My next stop was the Museum of Danish Resistance, where one learns about the German occupation of Denmark – which the Germans nicknamed “the whipped cream front” – and the rescue of the Danish Jews in 1943. Among the numerous displays is a letter of protest against Nazi raids on Danish Jews from local bishops that was read aloud in churches on October 3, 1943, by which time a rescue effort in which more than 7,000 Jews were evacuated to Sweden in fishing boats was well under way (Churchillparken, 45-3313-7714, www.frihedsmuseet.dk; admission).
Another must-see is Rosenborg Castle, the beautiful but understated Renaissance home of the Danish royal crowns and crown jewels. Perhaps it is the absence of forced majesty that has earned the Danish monarchy the right to call itself the world’s oldest. That said, the collections at Rosenborg, which span the reign of Christian IV to that of Frederick VII, are splendid (Oster Voldgade 4A, 45-3315-3286, www.rosenborgslot.dk). For maximum garden splendor, however, bypass the castle gardens and head to the lush Botanical Gardens directly across the street instead.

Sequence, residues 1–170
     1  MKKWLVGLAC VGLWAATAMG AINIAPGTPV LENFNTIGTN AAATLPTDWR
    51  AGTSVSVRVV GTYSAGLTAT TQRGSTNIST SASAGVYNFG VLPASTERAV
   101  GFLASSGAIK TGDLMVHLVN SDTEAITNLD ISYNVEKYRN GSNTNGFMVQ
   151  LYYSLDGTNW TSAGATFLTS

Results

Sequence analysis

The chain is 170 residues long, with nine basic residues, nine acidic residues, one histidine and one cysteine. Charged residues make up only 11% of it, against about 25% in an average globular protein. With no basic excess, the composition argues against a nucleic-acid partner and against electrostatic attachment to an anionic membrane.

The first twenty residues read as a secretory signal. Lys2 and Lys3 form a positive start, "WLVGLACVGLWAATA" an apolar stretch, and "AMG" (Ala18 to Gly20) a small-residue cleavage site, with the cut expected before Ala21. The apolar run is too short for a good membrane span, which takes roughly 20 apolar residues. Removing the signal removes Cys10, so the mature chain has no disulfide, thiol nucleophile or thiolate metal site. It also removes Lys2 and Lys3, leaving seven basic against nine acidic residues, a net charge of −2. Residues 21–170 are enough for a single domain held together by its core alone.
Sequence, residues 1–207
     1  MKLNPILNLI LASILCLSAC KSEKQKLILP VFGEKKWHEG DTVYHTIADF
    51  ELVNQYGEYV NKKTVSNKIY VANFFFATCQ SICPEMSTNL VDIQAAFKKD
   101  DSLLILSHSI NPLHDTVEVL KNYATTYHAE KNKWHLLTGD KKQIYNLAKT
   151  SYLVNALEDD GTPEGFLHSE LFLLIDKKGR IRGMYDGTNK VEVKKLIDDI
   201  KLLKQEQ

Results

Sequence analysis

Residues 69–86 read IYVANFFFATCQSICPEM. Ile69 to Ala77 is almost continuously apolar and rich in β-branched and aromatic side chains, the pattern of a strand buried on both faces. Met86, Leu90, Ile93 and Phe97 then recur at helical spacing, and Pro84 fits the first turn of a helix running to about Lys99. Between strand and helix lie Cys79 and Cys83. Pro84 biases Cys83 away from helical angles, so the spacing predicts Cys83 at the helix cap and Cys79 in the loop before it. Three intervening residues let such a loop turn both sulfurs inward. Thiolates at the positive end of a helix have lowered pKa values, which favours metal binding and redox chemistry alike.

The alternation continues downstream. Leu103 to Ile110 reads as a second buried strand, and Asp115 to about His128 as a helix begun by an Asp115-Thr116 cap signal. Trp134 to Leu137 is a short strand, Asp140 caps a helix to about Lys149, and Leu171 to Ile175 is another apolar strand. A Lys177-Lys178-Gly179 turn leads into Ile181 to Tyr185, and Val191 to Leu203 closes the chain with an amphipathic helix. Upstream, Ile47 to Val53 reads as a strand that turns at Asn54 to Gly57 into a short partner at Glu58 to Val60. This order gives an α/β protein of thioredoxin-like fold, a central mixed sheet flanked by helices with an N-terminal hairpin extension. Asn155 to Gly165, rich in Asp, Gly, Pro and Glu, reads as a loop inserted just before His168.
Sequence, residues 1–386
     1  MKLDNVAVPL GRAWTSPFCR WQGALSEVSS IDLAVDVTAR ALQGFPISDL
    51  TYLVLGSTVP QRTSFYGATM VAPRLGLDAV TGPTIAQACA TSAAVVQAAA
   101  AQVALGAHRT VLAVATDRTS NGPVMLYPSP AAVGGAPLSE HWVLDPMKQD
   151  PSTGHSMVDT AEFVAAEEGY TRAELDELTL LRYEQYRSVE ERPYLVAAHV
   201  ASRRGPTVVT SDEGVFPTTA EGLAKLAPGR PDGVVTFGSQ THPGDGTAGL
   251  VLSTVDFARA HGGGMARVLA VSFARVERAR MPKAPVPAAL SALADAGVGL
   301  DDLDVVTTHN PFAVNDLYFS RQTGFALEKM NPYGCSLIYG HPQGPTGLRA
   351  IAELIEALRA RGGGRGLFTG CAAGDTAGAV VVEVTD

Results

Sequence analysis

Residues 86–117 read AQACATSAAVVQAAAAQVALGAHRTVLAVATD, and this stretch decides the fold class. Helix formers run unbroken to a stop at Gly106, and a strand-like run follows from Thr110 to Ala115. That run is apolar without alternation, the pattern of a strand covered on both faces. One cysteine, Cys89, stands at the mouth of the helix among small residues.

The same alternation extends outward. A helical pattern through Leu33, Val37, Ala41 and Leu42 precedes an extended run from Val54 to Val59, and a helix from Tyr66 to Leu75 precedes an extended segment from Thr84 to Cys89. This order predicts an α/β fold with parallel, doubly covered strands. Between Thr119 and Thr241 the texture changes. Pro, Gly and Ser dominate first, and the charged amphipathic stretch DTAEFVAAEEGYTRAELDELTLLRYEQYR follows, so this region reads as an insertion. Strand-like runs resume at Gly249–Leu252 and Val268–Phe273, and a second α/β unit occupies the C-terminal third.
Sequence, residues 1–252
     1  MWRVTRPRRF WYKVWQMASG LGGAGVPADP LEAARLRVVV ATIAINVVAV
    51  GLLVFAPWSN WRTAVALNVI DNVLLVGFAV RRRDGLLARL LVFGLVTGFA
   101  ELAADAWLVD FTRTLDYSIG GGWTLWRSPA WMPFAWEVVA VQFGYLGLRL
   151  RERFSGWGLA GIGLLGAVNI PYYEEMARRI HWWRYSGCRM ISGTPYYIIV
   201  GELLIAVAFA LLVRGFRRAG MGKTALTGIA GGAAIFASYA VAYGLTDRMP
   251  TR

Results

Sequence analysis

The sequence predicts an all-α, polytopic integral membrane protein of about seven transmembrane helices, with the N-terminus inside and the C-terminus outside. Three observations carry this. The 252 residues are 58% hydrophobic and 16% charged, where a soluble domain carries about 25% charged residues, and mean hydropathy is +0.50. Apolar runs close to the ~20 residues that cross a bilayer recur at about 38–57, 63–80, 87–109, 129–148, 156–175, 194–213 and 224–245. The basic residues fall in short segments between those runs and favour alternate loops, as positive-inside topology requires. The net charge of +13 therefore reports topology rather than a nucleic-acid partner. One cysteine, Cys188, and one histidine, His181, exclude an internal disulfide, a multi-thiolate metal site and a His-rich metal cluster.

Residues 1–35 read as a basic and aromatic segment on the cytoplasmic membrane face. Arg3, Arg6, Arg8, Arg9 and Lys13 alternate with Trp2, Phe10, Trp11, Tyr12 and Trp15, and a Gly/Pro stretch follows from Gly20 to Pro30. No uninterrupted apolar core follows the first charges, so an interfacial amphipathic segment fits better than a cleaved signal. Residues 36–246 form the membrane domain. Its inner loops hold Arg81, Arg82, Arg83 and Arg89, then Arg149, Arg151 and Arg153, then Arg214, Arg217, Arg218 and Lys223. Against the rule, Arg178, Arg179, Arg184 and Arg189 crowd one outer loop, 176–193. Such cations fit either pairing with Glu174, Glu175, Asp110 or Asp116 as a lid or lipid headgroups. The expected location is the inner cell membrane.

The ancient treasures of Copenhagen are alluring, but it’s that famously spare look unique to modern Danish design that has turned the town into a trendy design mecca. The Dansk Design Center (H.C. Andersens Boulevard 27, 45-3369-3369,www.ddc.dk), a modern exhibit space across the street from Tivoli (the urban amusement park and garden that inspired Walt Disney), offers a periscope look into the current Danish thinking on design. Stop in for a Danish open-faced sandwich at the cafe, whose decor references peasant styles with a series of pine tables. During my visit, a temporary exhibit called “Flow” in the center’s basement invited visitors to take a basket and shop for fake goods such as a tin of “presence” or a bottle of 100 minutes.